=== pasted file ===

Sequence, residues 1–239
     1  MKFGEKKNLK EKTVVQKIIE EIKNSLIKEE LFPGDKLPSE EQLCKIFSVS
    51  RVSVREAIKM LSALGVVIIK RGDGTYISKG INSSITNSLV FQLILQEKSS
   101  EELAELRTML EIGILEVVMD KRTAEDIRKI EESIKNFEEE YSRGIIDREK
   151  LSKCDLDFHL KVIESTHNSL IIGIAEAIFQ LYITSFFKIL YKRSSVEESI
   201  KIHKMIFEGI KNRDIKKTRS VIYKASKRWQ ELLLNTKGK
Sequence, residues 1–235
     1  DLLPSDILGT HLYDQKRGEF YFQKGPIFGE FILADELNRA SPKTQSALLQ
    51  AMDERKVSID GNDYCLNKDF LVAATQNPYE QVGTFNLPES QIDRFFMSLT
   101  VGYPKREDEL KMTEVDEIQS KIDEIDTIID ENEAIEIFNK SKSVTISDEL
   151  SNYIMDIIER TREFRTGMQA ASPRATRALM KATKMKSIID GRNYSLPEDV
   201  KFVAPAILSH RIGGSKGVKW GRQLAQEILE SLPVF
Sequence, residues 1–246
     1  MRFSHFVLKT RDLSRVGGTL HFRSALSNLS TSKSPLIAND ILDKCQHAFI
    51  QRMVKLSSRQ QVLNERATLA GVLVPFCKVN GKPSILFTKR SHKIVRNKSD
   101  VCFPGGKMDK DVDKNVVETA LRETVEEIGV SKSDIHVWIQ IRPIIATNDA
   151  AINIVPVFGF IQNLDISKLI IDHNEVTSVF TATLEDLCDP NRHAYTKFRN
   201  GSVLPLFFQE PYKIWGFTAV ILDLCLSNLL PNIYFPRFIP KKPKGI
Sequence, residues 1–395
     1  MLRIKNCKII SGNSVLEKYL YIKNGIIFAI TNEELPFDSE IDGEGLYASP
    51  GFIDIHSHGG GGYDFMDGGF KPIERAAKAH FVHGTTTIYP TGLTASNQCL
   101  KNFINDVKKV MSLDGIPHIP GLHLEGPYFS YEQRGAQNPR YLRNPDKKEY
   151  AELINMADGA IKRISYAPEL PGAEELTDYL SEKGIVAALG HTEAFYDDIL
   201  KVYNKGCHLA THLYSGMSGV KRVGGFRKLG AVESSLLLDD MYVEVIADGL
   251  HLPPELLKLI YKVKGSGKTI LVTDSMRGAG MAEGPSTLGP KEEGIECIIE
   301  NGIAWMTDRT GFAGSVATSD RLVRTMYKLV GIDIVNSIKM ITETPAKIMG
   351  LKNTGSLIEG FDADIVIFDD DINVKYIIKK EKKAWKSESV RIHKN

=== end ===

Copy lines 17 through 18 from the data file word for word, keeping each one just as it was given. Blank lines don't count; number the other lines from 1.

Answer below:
   151  AINIVPVFGF IQNLDISKLI IDHNEVTSVF TATLEDLCDP NRHAYTKFRN
   201  GSVLPLFFQE PYKIWGFTAV ILDLCLSNLL PNIYFPRFIP KKPKGI